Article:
Fig. 1

Participant flow

Table 1

Baseline characteristics

 

All (n = 88)

CT (n = 30)

RT (n = 32)

RTS (n = 26)

P-value

Gender [female/male]

77/11

25/5

28/4

24/2

0.602

Age [years]

84.5 (65.0–97.4)

84.5 (69.4–97.4)

84.4 (71.7–93.2)

84.3 (65.0–92.2)

0.864

BMI [kg/m2]

28.9 (18.1–50.0)

29.8 (18.1–36.9)

28.2 (22.7–40.2)

27.9 (22.9–50.0)

0.741

Obesity [n (%)]

32 (36.8 %)

14 (46.7 %)

8 (25.0 %)

10 (35.7 %)

0.235

Hyperlipidaemia [n (%)]

32 (36.4 %)

9 (30.0 %)

10 (31.3 %)

13 (46.4 %)

0.226

Diabetes Type II [n (%)]

14 (15.9 %)

6 (20 %)

7 (21.9 %)

1 (3.6 %)

0.132

Hypertension [n (%)]

70 (79.5 %)

26 (86.7 %)

27 (84.4 %)

17 (60.7 %)

0.100

Cardiac diseases [n (%)]

27 (30.7 %)

12 (40.0 %)

9 (28.1 %)

6 (21.4 %)

0.362

Osteoporosis [n (%)]

35 (39.8 %)

12 (40.0 %)

12 (37.5 %)

11 (39.3 %)

0.933

History of cancer [n (%)]

12 (13.6 %)

5 (16.7 %)

4 (12.5 %)

3 (10.7 %)

0.833

Leukocyte subpopulations and circulating biomarkers

 Leukocytes [x109 cells/L]

6.6 (3.3–13.0)

7.4 (4.9–10.3)*

5.8 (3.1–9.8)

6.9 (4.4–13.3)*

0.002

 Lymphocytes [cells/μl]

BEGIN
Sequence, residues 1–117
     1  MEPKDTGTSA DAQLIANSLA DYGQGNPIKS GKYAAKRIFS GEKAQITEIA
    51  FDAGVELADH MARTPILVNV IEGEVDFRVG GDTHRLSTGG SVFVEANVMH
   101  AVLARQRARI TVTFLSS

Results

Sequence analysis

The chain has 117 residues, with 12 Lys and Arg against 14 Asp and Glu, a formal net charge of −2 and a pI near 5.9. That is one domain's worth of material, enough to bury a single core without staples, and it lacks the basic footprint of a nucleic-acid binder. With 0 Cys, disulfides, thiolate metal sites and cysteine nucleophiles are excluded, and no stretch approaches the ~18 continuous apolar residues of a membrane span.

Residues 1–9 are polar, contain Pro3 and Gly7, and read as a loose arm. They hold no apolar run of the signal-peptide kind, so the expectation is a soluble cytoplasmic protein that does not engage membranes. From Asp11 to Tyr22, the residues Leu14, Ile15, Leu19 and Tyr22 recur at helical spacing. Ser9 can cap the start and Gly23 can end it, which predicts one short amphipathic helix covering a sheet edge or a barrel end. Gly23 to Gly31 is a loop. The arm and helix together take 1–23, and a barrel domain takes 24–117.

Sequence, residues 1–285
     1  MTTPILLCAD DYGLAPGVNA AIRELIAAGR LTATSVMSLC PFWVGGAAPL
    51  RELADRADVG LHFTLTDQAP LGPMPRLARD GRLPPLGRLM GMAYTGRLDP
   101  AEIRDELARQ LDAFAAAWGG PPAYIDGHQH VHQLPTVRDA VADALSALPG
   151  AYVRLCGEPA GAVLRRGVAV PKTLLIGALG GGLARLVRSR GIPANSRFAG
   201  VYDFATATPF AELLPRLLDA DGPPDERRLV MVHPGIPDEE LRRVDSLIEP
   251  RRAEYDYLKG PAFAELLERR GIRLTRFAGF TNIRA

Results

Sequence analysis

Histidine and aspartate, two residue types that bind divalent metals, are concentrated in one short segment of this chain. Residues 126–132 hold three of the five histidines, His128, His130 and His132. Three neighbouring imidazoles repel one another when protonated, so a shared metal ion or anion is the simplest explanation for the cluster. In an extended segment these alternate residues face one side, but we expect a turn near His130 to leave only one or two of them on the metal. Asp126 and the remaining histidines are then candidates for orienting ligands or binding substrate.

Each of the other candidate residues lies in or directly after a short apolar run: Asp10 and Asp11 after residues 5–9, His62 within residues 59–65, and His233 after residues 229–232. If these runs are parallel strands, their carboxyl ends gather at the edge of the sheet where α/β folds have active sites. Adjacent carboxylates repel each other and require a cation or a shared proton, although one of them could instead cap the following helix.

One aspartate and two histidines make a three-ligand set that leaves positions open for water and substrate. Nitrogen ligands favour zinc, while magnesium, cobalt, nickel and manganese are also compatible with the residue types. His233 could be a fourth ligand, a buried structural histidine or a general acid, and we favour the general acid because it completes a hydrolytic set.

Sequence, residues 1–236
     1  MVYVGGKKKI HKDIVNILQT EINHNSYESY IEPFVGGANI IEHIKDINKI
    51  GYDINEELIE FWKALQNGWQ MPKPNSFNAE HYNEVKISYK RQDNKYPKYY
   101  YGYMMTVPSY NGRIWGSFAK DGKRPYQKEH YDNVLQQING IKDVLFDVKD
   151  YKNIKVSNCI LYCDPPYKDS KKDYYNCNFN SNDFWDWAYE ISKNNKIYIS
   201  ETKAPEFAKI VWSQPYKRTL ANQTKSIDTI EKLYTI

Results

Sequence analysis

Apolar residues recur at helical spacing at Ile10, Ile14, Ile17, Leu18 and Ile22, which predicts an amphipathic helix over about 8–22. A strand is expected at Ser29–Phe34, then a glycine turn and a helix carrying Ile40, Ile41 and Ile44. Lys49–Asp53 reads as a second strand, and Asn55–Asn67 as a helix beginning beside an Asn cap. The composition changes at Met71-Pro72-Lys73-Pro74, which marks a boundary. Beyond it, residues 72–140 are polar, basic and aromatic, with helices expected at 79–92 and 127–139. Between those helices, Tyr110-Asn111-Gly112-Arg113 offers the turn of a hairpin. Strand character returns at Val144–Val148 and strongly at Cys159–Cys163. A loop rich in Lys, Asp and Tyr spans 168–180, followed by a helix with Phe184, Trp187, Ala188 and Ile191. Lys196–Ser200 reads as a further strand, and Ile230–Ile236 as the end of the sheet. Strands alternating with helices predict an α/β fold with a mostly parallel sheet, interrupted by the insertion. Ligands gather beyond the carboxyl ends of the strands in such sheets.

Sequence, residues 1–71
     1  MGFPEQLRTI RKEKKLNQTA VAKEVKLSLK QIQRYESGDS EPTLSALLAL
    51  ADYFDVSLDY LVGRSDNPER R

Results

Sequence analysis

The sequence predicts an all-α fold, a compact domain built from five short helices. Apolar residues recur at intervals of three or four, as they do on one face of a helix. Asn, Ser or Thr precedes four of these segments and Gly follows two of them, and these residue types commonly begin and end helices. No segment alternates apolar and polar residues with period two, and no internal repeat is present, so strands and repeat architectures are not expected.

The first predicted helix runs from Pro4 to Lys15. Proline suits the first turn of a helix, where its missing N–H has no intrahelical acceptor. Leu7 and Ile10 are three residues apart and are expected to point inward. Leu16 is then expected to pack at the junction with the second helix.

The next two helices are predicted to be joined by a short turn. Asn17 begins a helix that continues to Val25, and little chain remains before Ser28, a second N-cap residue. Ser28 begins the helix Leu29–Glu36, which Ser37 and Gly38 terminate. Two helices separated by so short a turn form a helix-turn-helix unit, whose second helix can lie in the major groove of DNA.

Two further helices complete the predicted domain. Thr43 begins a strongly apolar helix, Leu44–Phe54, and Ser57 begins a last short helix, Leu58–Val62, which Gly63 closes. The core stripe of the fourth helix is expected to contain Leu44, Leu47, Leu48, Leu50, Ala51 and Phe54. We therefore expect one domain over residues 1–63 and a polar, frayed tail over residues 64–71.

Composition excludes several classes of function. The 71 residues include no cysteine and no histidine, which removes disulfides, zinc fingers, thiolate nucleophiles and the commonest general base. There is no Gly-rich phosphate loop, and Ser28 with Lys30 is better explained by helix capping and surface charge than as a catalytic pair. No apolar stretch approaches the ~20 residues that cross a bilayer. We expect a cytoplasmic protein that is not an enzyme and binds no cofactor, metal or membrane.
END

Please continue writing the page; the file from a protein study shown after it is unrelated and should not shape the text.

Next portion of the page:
1990 (930–4930)

1985 (910–3510)

1835 (830–3330)

2200 (1460–4700)

0.085

 Neutrophils [cells/μl]

3695 (1530–9860)

4414 (2410–6630)*

2931 (1530–6800)

3889 (2370–9860)

<0.001

 Eosinophils [cells/μl]

200 (10–740)

225 (36–620)

160 (10–740)

220 (10–470)

0.135

 Basophils [cells/μl]

40 (10–111)

45 (10–111)

35 (10–190)

35 (10–90)

0.397

 Monocytes [cells/μl]

560 (250–910)

587 (72–950)

520 (260–860)

545 (320–960)

0.189

 hs-CRP [mg/L]

1.95 (0.3–7.9)

2.1 (0.5–7.9)

1.9 (0.3–7.6)

1.9 (0.6–6.7)

0.918

 TGF-β [μg/L]

33.3 (16.7–73.7)

38.2 (18.7–73.7)

32.8 (16.7–55.4)

32.1 (21.0–51.2)

0.083

PBMC gene expression

     

 TGF-β/GAPDH [-]

0.85 (0.06–3.36)

0.48 (0.23–2.66)

0.60 (0.21–2.52)

0.58 (0.06–3.36)

0.725

 TGF-βRI/GAPDH [-]

2.05 (0.14–28.82)

1.99 (0.14–22.39)

2.04 (0.69–19.25)

2.11 (0.29–28.81)

0.990

 TGF-βRII/GAPDH [-]

1.67 (0.51–15.85)

1.54 (0.66–7.79)

1.60 (0.66–14.85)

1.79 (0.51–10.80)

0.714

 miRNA–21 [copies/pg]

2400 (57–4720)

2920 (343–4500)

2120 (57–4720)

2350 (550–4590)

0.765